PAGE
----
Death knell imminent for York train works As the railway industry prepares for privatisation, historians and innovators r eflect on the past and argue the way of the future
For want of some humble commuter trade, the great Holgate Road works was yesterday coming to terms with its closure.
The 750 employees, supported by local MPs, believe the viable potential of the works has been compromised by British Rail's decision that it could not justify an order for new commuter trains during its privatisation. Remaining work will last until October.
Sir Nigel Gresley, chief engineer of the London and North Eastern Railway, designed the 1935 Jubilee train as a confident harbinger of rail travel. The coaches, hauled by such locomotives as the 126mph Mallard, were coupled with a single articulated bogey. They offered a superbly comfortable air-conditioned ride on the long-distance east coast routes from Scotland to King's Cross.
As a token of what rail travel could offer, Gresley fitted the Jubilee train with an internal telephone system. "You sat in comfort that modern British Rail coaches cannot match, and you could phone fellow passengers, or call the restaurant car to reserve a table and discuss the menu," John Scott-Morgan, railway historian and author, said.
Coach building began in York 150 years ago, the industry attracting a working-class that was to develop a distinctive radicalism influenced by the Society of Friends.
Holgate Road works was completed in 1884, and covered by 1910 a 45-acre site. Its task was to build and maintain the entire coaching stock of the North Eastern Railway, and it was in the forefront of development of electric railways.
Stock for the North Tyneside suburban electrification scheme was built in 1904, and the works achieved a reputation for progressive construction of new vehicles, according to the rail historian Ken Appleby. After restructuring of railway companies in 1923, York became the LNER's main centre of coach building and maintenance.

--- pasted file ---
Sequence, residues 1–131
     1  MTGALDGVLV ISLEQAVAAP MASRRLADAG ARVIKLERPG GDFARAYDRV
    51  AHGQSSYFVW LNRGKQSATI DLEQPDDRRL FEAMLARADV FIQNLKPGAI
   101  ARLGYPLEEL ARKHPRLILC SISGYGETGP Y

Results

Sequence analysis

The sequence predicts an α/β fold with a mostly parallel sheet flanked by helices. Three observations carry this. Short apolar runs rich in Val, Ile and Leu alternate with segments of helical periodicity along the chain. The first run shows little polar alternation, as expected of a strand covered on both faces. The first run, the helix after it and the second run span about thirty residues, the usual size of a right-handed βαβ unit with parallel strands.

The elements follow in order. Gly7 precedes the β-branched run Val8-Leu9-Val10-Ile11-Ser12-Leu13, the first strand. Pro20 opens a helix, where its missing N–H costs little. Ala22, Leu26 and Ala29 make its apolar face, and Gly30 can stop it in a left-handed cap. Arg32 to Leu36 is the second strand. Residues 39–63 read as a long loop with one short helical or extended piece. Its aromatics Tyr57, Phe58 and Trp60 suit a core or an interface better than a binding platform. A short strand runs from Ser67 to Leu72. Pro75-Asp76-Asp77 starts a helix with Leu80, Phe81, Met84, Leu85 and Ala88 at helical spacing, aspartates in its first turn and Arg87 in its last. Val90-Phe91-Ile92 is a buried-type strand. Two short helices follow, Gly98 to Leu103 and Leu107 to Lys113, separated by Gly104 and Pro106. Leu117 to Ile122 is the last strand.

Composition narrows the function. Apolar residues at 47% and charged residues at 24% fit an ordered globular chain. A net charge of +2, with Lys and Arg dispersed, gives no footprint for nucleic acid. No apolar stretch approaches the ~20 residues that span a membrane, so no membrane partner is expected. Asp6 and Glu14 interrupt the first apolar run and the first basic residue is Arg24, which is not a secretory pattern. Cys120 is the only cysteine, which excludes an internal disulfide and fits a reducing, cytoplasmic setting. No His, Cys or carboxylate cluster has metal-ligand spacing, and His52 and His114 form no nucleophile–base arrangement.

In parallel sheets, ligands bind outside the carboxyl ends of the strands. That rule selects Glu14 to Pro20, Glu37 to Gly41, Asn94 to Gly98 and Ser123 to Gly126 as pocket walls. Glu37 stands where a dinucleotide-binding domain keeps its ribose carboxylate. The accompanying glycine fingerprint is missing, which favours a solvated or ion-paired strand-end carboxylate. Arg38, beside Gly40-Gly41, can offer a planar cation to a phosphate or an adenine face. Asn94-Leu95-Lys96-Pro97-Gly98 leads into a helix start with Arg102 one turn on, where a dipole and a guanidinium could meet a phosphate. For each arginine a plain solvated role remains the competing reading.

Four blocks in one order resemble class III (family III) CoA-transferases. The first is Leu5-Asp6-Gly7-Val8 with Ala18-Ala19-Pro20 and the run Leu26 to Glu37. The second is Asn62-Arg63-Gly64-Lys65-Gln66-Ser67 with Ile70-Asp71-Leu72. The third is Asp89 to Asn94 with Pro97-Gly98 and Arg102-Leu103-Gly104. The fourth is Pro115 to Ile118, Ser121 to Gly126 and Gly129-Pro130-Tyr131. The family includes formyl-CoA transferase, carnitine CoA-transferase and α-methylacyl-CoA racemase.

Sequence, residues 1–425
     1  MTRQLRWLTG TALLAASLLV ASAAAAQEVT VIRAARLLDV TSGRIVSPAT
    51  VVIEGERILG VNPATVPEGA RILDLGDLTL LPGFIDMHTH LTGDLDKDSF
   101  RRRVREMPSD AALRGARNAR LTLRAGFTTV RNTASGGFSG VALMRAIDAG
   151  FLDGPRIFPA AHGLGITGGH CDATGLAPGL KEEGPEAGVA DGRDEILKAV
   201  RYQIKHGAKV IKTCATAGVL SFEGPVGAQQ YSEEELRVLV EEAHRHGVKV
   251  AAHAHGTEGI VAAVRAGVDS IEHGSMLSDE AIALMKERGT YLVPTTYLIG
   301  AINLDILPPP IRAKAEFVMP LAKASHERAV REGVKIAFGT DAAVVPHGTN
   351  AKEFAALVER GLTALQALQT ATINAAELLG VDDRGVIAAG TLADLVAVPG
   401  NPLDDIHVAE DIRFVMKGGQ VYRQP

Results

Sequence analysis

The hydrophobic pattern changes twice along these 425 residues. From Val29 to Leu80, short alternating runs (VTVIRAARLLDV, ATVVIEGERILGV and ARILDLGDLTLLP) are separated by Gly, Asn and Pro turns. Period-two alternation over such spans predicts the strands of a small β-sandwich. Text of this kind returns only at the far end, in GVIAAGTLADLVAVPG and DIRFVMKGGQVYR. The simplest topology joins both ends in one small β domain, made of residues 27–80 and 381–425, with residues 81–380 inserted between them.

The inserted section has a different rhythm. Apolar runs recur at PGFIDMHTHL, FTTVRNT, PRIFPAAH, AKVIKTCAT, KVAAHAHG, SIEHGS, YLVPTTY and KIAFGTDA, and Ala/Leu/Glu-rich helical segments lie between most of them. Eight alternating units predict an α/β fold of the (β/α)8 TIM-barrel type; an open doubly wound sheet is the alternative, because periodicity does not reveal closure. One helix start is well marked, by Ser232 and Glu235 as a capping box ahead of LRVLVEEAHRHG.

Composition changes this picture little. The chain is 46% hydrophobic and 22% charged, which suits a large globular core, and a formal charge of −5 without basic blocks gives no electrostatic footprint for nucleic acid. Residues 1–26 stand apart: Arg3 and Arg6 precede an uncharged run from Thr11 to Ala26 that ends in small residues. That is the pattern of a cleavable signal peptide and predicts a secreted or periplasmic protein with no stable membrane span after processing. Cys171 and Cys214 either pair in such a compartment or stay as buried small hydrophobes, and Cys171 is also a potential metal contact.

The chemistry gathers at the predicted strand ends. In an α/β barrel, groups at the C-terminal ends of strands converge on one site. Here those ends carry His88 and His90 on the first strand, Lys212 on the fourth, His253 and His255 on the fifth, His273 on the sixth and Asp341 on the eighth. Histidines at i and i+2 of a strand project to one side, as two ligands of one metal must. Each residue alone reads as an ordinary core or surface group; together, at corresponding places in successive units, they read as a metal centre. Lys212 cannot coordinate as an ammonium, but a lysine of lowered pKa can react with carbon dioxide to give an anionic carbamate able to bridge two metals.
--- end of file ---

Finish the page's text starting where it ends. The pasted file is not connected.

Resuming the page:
"People have begun to forget what good value and high-quality rail travel was," Mr Scott-Morgan said. "York built carriage stock for ordinary services and also very high-class stock. Coaches for the Jubilee train were built of steel, but the remainder had teak frames for durability. Some of the buffet cars built in the 1930s were still in good structural condition when they were taken out of service 15 years ago."
After nationalisation, Holgate Road works employed nearly 5,000 workers as it began to specialise in electric multiple units - stock incorporating a motor instead of being hauled by a separate locomotive.
The workshops, part of British Rail Engineering Limited, were modernised in 1967, and won export orders from Northern Ireland to Taiwan.
"Everything ran smoothly for a few years, then the commercial environment was radically altered in the 1980s, and British rail was obliged to invite competitive tendering for procurement of new rolling stock," Mr Appleby said.
Privatisation of BREL in 1987 began "a series of crises", with ownership of the company passing to the Swiss-Swedish consortium Asea Brown-Boveri, and the workforce cut by more than 400.
The future of the works became inextricably linked with the level of investment in Network SouthEast, which ordered 188 "Networker" multiple units in 1992. In July 1993, prospects for York works seemed to have improved after Network SouthEast said 1,500 trains needed replacement within 10 years. But York last year lost the contract for the Heathrow airport rail link to German competition; a further 289 jobs went.
Kent commuters, whose trains into London termini have been condemned as dangerously obsolescent, will today be lobbied by workers from Holgate Road.
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